Information Commissioner Christopher Graham has reiterated his call for stronger sentencing powers to be imposed on those people convicted of stealing personal data. The comments come as an employee of a car rental company was sentenced for stealing customer information that accident claims companies could use to make nuisance calls.
Sindy Nagra, 42, from Hayes, sold almost 28,000 customers’ records for £5,000. Subsequently appearing at Isleworth Crown Court on Friday 8 January, Nagra was fined £1,000, ordered to pay a £100 victim surcharge and also part with the sum of £864.40 in prosecution costs.
Nagra was an administrative assistant at Enterprise Rent-A-Car, and directly responsible for processing customer details sent to the car rental firm by an insurance company. The details involved – typically of people who had been involved in road traffic collisions – included information on policyholders as well as that pertaining to their particular insurance claim.
Enterprise Rent-A-Car contacted the ICO after its systems identified Nagra was looking at a large number of records, including many that she would not have been expected to process.
An investigation found that Nagra, who worked from home, had been photographing the records while they were on her computer screen. It was discovered she had then sold copies of 28,000 records, in turn receiving £5,000 in cash.
Nagra pleaded guilty to unlawfully obtaining, disclosing and selling personal data. This is deemed a criminal offence under Section 55 of the Data Protection Act. Courts of Law can issue unlimited fines for such an offence, but not custodial sentences.
Paying for stolen data
Christopher Graham said: “Nuisance call ‘cowboys’ and claims market crooks will pay people to steal personal data. The fines that courts are issuing at the moment just don’t do enough to discourage would-be data thieves.”
Speaking about the Nagra case, Graham explained: “This fine highlights the limited options the courts have. Sindy Nagra received £5,000 in cash in return for stealing thousands of people’s information. She lost her job when she was caught, and has no money to pay a fine. The courts have to reflect that, but we’d like to see the courts given more options such as suspended sentences, community service and even prison sentences in the most serious of cases.”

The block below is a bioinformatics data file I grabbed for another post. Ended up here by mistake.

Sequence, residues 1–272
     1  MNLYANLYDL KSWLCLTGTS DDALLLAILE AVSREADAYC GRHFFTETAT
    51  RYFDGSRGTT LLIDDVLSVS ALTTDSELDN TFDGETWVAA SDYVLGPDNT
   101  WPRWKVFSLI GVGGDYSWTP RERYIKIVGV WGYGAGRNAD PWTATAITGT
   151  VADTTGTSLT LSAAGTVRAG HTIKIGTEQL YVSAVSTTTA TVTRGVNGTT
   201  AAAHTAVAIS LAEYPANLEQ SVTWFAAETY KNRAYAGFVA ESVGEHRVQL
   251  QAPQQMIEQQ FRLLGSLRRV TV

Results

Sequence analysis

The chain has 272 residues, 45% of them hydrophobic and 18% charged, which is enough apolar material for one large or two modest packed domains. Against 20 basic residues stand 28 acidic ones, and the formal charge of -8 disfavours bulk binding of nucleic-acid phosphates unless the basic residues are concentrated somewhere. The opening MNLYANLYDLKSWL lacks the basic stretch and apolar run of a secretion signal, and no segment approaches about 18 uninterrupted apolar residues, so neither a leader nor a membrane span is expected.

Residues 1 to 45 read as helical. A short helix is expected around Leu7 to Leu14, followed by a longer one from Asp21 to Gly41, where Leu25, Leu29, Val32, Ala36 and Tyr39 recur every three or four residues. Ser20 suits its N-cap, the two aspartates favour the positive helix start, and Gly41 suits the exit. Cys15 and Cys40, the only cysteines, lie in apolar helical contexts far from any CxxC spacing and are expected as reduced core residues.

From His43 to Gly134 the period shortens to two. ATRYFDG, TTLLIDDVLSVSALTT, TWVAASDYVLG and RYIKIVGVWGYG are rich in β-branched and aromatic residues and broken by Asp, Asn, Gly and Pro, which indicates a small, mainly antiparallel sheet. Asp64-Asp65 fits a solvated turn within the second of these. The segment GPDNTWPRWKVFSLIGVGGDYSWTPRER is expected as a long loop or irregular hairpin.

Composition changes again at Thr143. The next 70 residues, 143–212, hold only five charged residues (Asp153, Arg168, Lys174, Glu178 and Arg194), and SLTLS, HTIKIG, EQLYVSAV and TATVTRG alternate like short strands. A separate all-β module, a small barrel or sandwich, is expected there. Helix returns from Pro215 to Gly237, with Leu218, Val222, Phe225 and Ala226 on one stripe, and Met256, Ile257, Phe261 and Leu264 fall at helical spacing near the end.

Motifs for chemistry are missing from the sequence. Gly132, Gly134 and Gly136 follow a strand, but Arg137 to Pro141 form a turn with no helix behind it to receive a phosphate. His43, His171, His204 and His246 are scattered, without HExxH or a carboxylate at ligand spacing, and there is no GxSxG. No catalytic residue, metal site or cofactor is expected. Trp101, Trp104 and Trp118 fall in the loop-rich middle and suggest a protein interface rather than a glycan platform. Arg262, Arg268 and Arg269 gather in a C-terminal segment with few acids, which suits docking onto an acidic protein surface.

Graham added: “With so much concern about the security of data, it’s more important than ever that the courts have at their disposal more effective deterrent penalties than just fines. People who break the criminal law by trading in other people’s personal information need to know that they will be severely punished and could even go to prison. We’ve been pushing for this for some time now. Parliament voted for it to happen more than seven years ago, but this subject remains on a Westminster backburner. It’s high time that situation changed.”
The records were bought by Iheanyi Ihediwa, 39, from Manchester, who Nagra claimed had been introduced to her after he approached her husband in a pub.
Ihediwa appeared before Manchester Magistrates’ Court on 17 December, where he also pleaded guilty to Section 55 offences. Ihediwa was fined a total of £1,000, ordered to pay prosecution costs of £864.40 and a victim surcharge.
There was also a destruction order made in respect of any data held by the defendant.